Finding Extra Financial Aid as an Out-of-State Student

Flickr user frankieleon

Flickr user frankieleon

When searching for colleges and universities that interest you, affordability is often a large concern. Among private universities, it doesn’t much matter: they don’t receive state funding, and therefore charge their students the same for tuition regardless of which state they reside in. Public universities are different. Because they receive state funding that comes from residents’ taxes, public schools often charge their in-state students significantly less than out-of-state students. But if your dream school happens to be in a different state, never fear! There are financial aid options out there to help reduce out-of-state costs. So sit tight, fill out your FAFSA, and do your financial aid research. Here are some things to get you started.

Non-Resident Tuition Waivers

These waivers are often available from schools as an incentive for out-of-state students to attend. They reduce out-of-state tuition by some degree—the actual amount will vary by school. These are often available on a first-come, first-serve basis. Schools often award them to high-achieving high school students as a way to attract them to cross state borders. A quick internet search can usually tell you if the school you are researching offers the waivers and what the requirements are.

Look for Schools with Border Tuition Waivers

When searching for out-of-state students, some schools don’t look very far from home! Some public schools will charge you a lower tuition rate if you are a resident of a nearby out-of-state county or city (sometimes entire states qualify as well!). For example, Texas Tech University offers lower tuition rates (though not quite in-state rates) to students who are residents of Oklahoma or New Mexico. If you only want to go a state or two over, these waivers are definitely something to look for.

Your Parents’ Service May Benefit You

If your parents have been active in the military, it might be good to check if your schools have any tuition breaks for you. The University of Iowa, for example, will provide in-state tuition to veterans, active military members, and their dependents, regardless of what state you hail from. This really helps with affordability. Some schools will also offer tuition breaks if your parents are part of a police or fire department, or if you have a parent that is a teacher/in academia.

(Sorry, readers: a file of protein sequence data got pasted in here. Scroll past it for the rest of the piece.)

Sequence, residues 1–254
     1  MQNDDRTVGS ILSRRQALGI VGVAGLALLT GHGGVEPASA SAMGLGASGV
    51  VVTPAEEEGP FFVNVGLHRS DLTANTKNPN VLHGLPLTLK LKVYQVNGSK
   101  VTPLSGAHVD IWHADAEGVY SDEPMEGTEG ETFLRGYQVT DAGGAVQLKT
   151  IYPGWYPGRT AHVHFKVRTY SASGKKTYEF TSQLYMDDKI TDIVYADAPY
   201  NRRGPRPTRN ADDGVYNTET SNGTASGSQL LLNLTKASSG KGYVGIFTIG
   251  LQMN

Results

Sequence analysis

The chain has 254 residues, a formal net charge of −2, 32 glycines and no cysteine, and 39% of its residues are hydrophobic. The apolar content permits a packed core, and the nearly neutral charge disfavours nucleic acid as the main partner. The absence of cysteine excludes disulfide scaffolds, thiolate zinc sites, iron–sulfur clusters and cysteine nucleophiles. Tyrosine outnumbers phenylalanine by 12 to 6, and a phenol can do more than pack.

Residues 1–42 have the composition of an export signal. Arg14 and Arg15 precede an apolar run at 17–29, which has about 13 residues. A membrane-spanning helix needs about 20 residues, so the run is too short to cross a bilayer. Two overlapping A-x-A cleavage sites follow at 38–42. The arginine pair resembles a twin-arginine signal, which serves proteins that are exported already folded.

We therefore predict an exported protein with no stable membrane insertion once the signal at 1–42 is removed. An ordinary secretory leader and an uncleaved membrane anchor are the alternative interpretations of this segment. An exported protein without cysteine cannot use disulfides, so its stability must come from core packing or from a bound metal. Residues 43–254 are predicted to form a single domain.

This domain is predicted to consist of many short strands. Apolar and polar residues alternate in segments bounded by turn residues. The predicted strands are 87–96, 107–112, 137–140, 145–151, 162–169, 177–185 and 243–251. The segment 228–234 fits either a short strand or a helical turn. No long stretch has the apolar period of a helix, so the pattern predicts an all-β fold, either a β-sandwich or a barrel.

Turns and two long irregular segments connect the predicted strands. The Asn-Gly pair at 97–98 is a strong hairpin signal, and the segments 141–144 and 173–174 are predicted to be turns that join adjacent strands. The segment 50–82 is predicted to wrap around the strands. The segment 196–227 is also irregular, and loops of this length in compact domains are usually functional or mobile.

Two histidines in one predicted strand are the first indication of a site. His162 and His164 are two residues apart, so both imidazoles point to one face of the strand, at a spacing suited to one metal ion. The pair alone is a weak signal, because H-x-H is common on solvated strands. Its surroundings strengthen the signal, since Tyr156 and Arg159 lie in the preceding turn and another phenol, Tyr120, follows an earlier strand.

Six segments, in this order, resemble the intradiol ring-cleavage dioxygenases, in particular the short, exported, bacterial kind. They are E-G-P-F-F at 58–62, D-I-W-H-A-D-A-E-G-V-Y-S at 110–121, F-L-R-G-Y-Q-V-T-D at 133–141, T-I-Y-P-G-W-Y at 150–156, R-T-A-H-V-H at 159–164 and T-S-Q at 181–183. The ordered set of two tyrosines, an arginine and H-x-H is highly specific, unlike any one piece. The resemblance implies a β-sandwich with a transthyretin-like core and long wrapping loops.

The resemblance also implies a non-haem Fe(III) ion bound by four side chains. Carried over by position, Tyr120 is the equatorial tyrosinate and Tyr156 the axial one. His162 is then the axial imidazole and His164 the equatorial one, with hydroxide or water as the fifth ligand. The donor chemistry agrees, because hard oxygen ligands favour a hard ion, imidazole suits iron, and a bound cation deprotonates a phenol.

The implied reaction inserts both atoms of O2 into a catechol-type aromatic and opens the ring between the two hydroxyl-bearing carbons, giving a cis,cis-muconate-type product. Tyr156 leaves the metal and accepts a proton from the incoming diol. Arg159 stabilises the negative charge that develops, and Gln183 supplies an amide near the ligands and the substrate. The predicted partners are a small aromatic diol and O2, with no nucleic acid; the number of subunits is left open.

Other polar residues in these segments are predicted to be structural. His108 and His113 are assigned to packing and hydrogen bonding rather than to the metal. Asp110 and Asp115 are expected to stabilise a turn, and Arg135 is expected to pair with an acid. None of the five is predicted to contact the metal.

Grants and Scholarships for “In Demand” Areas of Study

Some majors are worth more than others because the population of students going into them is small. What I’m saying is that you probably won’t see as much funding for English majors, but certain STEM majors or specialized fields will have extra funds available for those who meet the application requirements.

That isn’t to say that you shouldn’t look for scholarships as an English major (or any of the other majors that are relatively populated). Scholarships.com has conveniently sorted out scholarships by major for you to begin your search.

Check Out Your Potential School’s Scholarship Opportunities and Loopholes

Schools are usually pretty organized when it comes to their lists of scholarships. They have to be. They sort them by year, major, specialty, you name it! They will also tell you which scholarships are available to in-state, out-of-state, or students of either residential status. Some things, like merit scholarships, will likely be offered upon your acceptance to the school.

Research Schools That Have Little or No Increased Tuition for Non-Residents

Hey, I only said public colleges and universities often charge more for non-residents! A quick internet search will pull up schools such as Minot State University, Alcorn State University, and Southwest Minnesota State University, and that’s just to name a few. Attending an out-of-state school doesn’t have to break the bank, so keep your mind and your options open.

Use College Raptor’s free match tool to discover personalized college matches, cost estimates, acceptance odds, and potential financial aid from schools around the country!

Ellen Andersen

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